I understand that Canopius has diversified its portfolio away from sovereign debt and into more corporate bonds.

Yes. Potential ‘cats’ on the asset side are something we are constantly concerned about and our investment strategy has always been very conservative in nature. People are very nervous about the euro and for our part, our portfolios have no exposure to peripheral Sovereign debt and have been positioned to minimize Euro risk. With corporate credit cheaper and companies with improved balance sheets it makes sense to make a bit more of a play into corporate bonds.

Is there a danger of a long-term threat being created by reinsurers investing in riskier, higher yield investments?

You always hear companies saying that they write to a gross result as opposed to a net result. The investment side of the business does not form as much of the wider strategy as it did in the past. The Today it is about solid underwriting with appropriate returns without thinking about the contribution investment returns make. The entire investment sphere is too uncertain to have it play a part in the overall profit-making performance.

What significant ERM lessons have emerged on the cat-side from the last eighteen months?

One of the main lessons is that the perception of risk is now very different. People now understand that there is significant interconnectivity in the cat space, particularly on the earthquake side. We have always been so concentrated on hurricane season, but it seems that its earthquake season all the time! More companies will be concentrating on earthquake exposure and recognising that it is both more risky and more costly than initially thought.

"ERM ensures that you keep a perspective on what is the real exposure despite recent loss free years and the uncertaintly of future events."

In the case of Japan, it is difficult to line everybody up and say ‘that company’s losses were less than another company’s losses’ without looking at how long the company has been in business. For anybody that has ever worked in Japan, they know that you have to build those relationships over time. There are companies that are patting themselves on the back saying that their Japanese losses were not that high, but for many of them it was due to the fact that they did not have the relationships in place to get the participation they would have wanted on programs.

What affect have recent events had on your strategic thinking?

It has made us think more about our low severity business to ensure that this business is “firing on all cylinders”. This will give us a buffer and hedge against those years with numerous severity losses. I have to believe others are thinking in the same vein.

How can strong ERM help guard against potential black swan events?

Brokers often talk about remote events, but when they do, I refer to examples of the levees breaking in Louisiana, the tsunami in Japan and the two earthquakes in New Zealand. The point is that anything can happen and just because there has not been a hurricane that has hit Florida in a number of years, it does not mean the exposure is any less. That risk is still there. ERM ensures that you keep a perspective on what is the real exposure despite recent loss free years and the uncertainty of future events.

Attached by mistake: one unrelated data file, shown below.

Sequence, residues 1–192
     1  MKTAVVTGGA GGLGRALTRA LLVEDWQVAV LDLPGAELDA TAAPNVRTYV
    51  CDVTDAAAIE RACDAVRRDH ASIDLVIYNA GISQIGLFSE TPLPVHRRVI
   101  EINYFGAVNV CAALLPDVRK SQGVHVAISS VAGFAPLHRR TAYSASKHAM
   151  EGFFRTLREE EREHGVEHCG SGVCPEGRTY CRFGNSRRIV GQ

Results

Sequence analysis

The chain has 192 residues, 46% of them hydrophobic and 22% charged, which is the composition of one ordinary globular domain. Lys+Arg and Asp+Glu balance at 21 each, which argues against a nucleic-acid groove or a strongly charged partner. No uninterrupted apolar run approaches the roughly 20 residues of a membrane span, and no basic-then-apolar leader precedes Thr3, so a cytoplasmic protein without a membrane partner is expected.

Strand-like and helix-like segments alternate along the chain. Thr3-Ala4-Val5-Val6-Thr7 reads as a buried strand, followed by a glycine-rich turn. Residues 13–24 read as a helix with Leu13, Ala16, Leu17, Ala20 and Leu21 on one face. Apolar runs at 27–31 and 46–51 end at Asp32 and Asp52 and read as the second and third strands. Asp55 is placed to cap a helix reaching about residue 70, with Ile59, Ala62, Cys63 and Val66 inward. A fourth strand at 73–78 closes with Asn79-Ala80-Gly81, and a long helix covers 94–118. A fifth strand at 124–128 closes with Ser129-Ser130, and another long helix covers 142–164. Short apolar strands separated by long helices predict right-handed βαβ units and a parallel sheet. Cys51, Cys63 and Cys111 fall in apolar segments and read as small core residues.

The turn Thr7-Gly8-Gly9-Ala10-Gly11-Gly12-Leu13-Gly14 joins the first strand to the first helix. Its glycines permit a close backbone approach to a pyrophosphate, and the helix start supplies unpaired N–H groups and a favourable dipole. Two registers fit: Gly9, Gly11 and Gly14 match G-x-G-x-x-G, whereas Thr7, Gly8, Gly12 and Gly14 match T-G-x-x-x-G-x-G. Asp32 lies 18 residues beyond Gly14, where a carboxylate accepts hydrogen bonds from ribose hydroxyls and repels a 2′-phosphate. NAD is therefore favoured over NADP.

How significant is ERM when considering M&A and how can you look to integrate and translate ERM strategies across disparate firms?

It is always refreshing to see how other people are managing their business. Having a look at a different perspective is beneficial and can help prevent you becoming somewhat insular. One of our strengths at Canopius is fixing what is broken. When acquiring other firms, for the most part we implement our own ERM strategy. People talk about a merger of equals, but it never is – someone always emerges as the victor and will be the one to lay the course for ERM. If M&A targets have suggestions, as a group we are open to ideas and no one is afraid to speak up and suggest change within our organisation.

What are the major ERM challenges in the M&A process?

Ensuring that proper and thorough due diligence takes place and then instilling our vision of ERM with new staff. You never want something uncovered after the acquisition that was missed during the process. However, when it comes to staff, we can tell very early on whether people have the Canopius ilk. We know what it looks like and it takes us a relatively short amount of time to discern whether someone is a good fit with our organisation.

What could reinsurers do better in terms of ERM?

The issue is how to instil ERM throughout the organisation. It is one thing to have the framework, ideas and controls, but having the buy-in of everyone in the organisation is paramount for success.